Survey: Business Numbers a Bit Brighter (Part 2 of 3)


Washer on dolly
Photo: ©

Paul Partyka |

CHICAGO — Is your laundry still suffering from the lingering effects of the recession, or are you finally seeing some light at the end of the tunnel? It seems to be a mixed bag when it comes to the state of the industry.Some of the business numbers in this year’s survey are a bit more positive than last year, yet operators didn’t purchase as much new equipment in 2010 as they did in the prior year.American Coin-Op’s annual State of the Industry survey focuses on 2010/2011 business conditions, pricing, equipment, common problems, turns per day, expenses and utilities cost.The survey is an unscientific electronic poll of American Coin-Op readers who operate stores.WASHER PRICESWe asked respondents about their current washer prices, and if they raised prices this year or planned on doing so by the end of the year.Despite what some say, top loaders still play a role in many self-service laundries. Eighty-three percent of respondents offer top loaders. The price range for a top-load wash ranges from 75 cents to $3.50. Last year, the most expensive top-load wash was $2.75.Here are the most popular top-load prices followed by the percentages of respondents using them:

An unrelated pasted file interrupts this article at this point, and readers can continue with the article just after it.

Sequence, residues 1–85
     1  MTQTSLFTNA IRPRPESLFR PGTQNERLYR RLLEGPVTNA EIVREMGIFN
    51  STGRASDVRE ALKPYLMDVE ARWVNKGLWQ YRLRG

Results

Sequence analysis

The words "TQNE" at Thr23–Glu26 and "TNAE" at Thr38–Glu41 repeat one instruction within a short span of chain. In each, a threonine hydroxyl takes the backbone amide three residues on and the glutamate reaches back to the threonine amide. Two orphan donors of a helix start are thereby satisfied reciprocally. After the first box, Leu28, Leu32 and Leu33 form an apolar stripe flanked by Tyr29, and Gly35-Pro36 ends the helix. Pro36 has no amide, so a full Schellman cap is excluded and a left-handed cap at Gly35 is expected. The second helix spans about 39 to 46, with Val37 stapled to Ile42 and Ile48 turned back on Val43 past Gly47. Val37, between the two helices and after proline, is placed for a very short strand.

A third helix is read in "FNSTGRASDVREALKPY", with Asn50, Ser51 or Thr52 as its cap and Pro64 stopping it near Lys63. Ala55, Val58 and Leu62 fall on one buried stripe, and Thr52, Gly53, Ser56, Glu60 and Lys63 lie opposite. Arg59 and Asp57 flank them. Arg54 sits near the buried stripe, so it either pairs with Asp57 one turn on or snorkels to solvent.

1. $1.75 (31 percent)
  2. $1.50 (17 percent)
  3. $2 (15.5 percent)
  4. $2.25 (11 percent)
  5. $2.50 (6 percent)

The biggest change this year is that $1.50 jumped into the No. 2 position, bumping $2 to the No. 3 position. Last year, $1.50 was the fourth most popular price.There are also a handful of operators charging $3 or more for a top-load wash. This is the first time that there have been multiple prices topping $3 reported in the survey.The most popular prices for some of the small front loaders are:

  • 18-pound washers: $2
  • 20-pound washers: $2
  • 25-pound washers: $2.75

The lowest price in the above grouping is $1.50 (18-pound washer) and the highest price is $3.75 (25-pound washer). Overall, this year’s most popular small front-loader prices are a bit less expensive than last year’s prices, which once again shows that a wide variety of pricing exists in this industry.The price range for a 30-pound wash is $3 to $6. Here are the most popular 30-pound prices, along with the percentages of respondents using them:

  1. $3.50 (34 percent)
  2. $3 (31 percent)
  3. $4 (18.5 percent)
  4. $3.75 (9.3 percent)